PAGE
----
I inherited a couple dozen automated java tests that write test result failures to individual CSV files. Instead, I'd like to write to one CSV file with separate tabs per test. I haven't found how or if this is possible, has anyone had success writing multiple test results to one csv file?

  • 1
    Maybe I've misunderstood but is what you need an excel file with tabs containing each test's results ? CSV is one tab per file surely
    – Amias
    Jan 23, 2019 at 20:32
  • Yes, the previous engineer left an outstanding task to "Achieve all failures in one CSV". If not csv, I am trying to understand what alternatives I can achieve. @Amias
    – kylokyler
    Jan 23, 2019 at 23:08
  • You would have to use Microsoft Interop to accomplish this, and I do not recommend this approach at all. How about Log4Net instead?
    – Brian
    Jan 23, 2019 at 23:34

2 Answers 2


This seems like a red herring to me.

CSV is really a single table data format, it's not a normal way to output test results, it lacks proper metacharecter escaping and you can't name you data beyond rows or columns. This suggests to me that you test code doesn't use a framework which is a bit scary.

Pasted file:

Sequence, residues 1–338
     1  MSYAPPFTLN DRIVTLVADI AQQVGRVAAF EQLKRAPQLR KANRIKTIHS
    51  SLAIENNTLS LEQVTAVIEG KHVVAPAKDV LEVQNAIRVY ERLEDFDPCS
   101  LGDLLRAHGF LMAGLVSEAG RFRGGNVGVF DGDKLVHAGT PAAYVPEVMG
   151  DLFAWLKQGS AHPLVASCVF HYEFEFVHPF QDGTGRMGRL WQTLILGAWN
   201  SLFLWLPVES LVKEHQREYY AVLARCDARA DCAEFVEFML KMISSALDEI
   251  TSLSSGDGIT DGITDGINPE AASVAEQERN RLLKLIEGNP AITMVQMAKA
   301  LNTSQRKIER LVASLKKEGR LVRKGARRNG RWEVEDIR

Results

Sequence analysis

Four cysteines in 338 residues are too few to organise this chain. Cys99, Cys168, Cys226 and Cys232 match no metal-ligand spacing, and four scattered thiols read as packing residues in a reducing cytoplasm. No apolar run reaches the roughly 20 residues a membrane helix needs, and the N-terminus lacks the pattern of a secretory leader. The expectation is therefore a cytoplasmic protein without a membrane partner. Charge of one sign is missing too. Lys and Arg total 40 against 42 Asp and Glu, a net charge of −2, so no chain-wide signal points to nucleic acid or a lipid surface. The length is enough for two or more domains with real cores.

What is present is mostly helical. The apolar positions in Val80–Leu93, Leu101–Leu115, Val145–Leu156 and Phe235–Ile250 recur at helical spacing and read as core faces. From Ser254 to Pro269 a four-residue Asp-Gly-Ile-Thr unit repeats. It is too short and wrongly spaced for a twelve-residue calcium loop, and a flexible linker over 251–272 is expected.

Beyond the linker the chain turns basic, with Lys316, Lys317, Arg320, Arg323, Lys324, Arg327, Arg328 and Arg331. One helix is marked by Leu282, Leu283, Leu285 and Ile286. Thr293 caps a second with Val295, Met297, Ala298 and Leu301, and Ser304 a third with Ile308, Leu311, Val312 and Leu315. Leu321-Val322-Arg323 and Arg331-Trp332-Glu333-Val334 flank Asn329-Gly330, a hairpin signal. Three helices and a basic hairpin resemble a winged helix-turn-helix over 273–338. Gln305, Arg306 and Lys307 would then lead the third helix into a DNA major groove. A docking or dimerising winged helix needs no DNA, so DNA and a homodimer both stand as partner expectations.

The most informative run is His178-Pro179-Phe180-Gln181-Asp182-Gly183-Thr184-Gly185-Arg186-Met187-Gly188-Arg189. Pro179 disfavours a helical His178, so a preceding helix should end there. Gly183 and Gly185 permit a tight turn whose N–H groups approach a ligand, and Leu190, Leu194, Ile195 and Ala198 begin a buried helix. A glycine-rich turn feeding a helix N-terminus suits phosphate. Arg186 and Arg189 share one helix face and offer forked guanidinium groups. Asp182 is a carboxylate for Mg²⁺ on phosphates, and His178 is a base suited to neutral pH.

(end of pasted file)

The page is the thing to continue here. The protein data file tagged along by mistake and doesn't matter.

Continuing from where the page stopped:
There are many formats for outputting test results that have more useful schemas and can handle all the quoting. Such as xunit , junit or nunit.

As you are using java junit is probably a good choice as most java test runners with have a flag to output junit to a file. Most CI systems can be configured to store and display those results.

Lots of tools can work with these formats but you won't be able to see then in ms office., Therefore don't make these changes without checking with others first


You could have an after test process that reads the contents of all CSVs in the test output folder (wherever the CSVs are stored) then writes each row to the same file. You could add an additional column that shows the test suite that the result originally came from.

You could achieve this with something like Apache Commons CSV.

Without seeing what is producing your results CSVs, or knowing what testing libraries you're using, it's hard to give more specific advice.

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